By Gerald L. Maatman, Jr.

Seyfarth Synopsis: In our continuing coverage of the top trends found in Seyfarth’s 2021 Workplace Class Action Litigation Report, in 2020, government enforcement litigation slowed considerably. Although the value of government enforcement settlements went up, agencies like the EEOC downsized their litigation enforcement programs and brought fewer lawsuits in 2020 than in any year of the past decade. Most significant for employers, during the past year, the EEOC undertook multiple initiatives that reflected a shift away from systemic litigation as a priority.

During 2020 employers saw significant shifts in the EEOC’s enforcement agenda, including a notable shift away from litigation as a one-size-fits-all tool for combatting workplace discrimination. As the EEOC’s enforcement agenda shifted, employers experienced a marked decrease in federal complaints and a marked increase in settlements as the EEOC sought to wind down its litigation docket. These shifts likely resulted from the pro-business stance of the Trump Administration. The EEOC saw considerable leadership turnover at the top as Trump’s nominees for Commissioner slots were finally confirmed on May 3, 2019 (Janet Dhillon, Chair) and September 22, 2020 (Keith Sonderling, Vice Chair, and Andrea Lucas, Commissioner).

Prior to September 2020, the EEOC’s leadership consisted of only three of five Commissioners, including Janet Dhillon, Chair (Republican), Vicki Lipnic (Republican), and Charlotte Burrows (Democrat). Commissioner Lipnic’s term technically expired in July 2020, but she was allowed to stay on through September 2020 so that the Commission would have a quorum and could operate. On September 22, 2020, the Senate confirmed three new Commissioners, two Republicans and one Democrat, for the two vacant seats and the seat formerly held by Lipnic. The Commission must remain bipartisan by law, but these new additions solidified a Republican majority at least until July 2022 when Dhillon’s term expires, despite the result of the 2020 election in flipping the White House from red to blue.

The total number of new lawsuits filed by the EEOC decreased significantly during 2020. The EEOC filed 94 merits lawsuits and seven subpoena enforcement actions, a stark decline compared to the 144 merits lawsuits and eight subpoena enforcement actions filed during 2019. This represented a 35% reduction in total actions commenced by the Commission year over year. Despite the shift in administrations, employers can expect that the EEOC’s majority-Republican leadership will continue to curtail litigation efforts in 2021.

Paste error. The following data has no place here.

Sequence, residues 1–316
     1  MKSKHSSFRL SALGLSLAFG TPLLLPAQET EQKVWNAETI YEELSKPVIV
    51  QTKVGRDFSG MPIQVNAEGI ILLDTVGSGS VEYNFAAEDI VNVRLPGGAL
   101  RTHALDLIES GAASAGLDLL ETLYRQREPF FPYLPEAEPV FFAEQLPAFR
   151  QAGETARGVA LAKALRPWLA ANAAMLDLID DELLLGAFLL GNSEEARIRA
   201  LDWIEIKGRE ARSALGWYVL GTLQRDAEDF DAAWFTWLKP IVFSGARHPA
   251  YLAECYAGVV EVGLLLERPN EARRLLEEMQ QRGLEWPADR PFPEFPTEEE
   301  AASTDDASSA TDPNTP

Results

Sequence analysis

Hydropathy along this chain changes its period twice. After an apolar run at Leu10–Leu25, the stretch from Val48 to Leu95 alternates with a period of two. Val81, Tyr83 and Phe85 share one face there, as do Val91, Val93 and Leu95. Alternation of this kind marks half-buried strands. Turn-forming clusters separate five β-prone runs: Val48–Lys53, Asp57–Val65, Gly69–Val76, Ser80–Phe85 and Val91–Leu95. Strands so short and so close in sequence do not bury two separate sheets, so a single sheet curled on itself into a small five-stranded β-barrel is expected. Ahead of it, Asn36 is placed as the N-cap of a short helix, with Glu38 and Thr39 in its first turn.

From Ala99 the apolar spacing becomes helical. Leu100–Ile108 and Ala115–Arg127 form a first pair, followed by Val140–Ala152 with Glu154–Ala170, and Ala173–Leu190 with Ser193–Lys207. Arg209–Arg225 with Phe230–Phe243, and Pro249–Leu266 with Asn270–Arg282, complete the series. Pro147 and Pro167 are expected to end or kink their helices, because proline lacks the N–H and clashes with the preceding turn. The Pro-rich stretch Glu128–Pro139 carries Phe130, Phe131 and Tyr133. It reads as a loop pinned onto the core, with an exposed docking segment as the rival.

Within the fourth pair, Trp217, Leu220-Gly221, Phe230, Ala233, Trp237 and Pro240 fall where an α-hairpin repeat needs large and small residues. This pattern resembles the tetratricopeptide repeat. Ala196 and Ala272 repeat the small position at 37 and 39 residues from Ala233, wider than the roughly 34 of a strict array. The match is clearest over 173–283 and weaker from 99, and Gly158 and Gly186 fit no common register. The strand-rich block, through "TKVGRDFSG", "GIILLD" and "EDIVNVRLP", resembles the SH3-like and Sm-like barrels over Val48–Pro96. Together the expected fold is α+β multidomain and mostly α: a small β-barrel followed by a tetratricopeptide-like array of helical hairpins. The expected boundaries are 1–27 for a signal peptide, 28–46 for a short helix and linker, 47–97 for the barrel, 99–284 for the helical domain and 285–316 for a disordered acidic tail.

Although the numbers declined, when considered on a percentage basis, the distribution of cases filed in terms of their theories of liability remained largely consistent compared to 2019. Title VII and ADA cases once again comprised the majority of cases filed by the Commission, suggesting that enforcement priorities did not shift dramatically and remained fairly consistent under the Trump Administration. This past year marked the fourth year of the EEOC’s 2017-2021 Strategic Enforcement Plan (“SEP”), which guides enforcement activity. The six enforcement priorities set forth in the SEP include: (1) the elimination of systemic barriers in recruitment and hiring; (2) protection of immigrant, migrant, and other vulnerable workers; (3) addressing emerging and developing issues; (4) enforcing equal pay laws; (5) preserving access to the legal system; and (6) preventing harassment through systemic enforcement and targeted outreach.

The Commission maintains discretion to interpret and pursue these priorities as it deems appropriate. Although the SEP defined priorities, they are broad and apply to an expansive landscape of issues. For example, the EEOC consistently has focused on the protection of lesbian, gay, bisexual, and transgender individuals over the past several years as an emerging and developing issue in the workplace.

The EEOC’s efforts in this area resulted in a body of case law across jurisdictions, culminating in the U.S. Supreme Court’s landmark decision in R.G. & G.R. Funeral Homes, Inc. v. EEOC & Bostock v. Clayton County, Georgia, which held that Title VII prohibits discrimination against gay or transgender employees as a form of sex discrimination. The 6-3 decision authored by Justice Gorsuch represented a significant victory for the EEOC during 2020.

Additionally, during 2020, employers saw a flurry of activity at the EEOC relative to its internal practices and procedures, with the Commission pushing to meet objectives prior to the change in administrations on January 20, 2021. Notably, the EEOC made strides to shift its internal decision-making authority, update its conciliation and mediation procedures, and voluntarily scale back some of its authority.

First, on March 10, 2020, the EEOC released information about a significant internal resolution that reassigned authority for certain high-stakes litigation decisions within the Commission. The resolution reined in many of the powers previously held by the EEOC’s General Counsel and, in turn, the Commission’s various Regional Attorneys, who historically have wielded considerable discretion over the types of lawsuits that they file and the legal positions that they advance. Under the new resolution, the Commissioners – and not the General Counsel (or Regional Attorneys) – will make key litigation decisions concerning systemic litigation and various other matters. According to the resolution, the Commissioners now have exclusive authority over the following:

  • Cases involving an allegation of systemic discrimination or a pattern or practice of discrimination;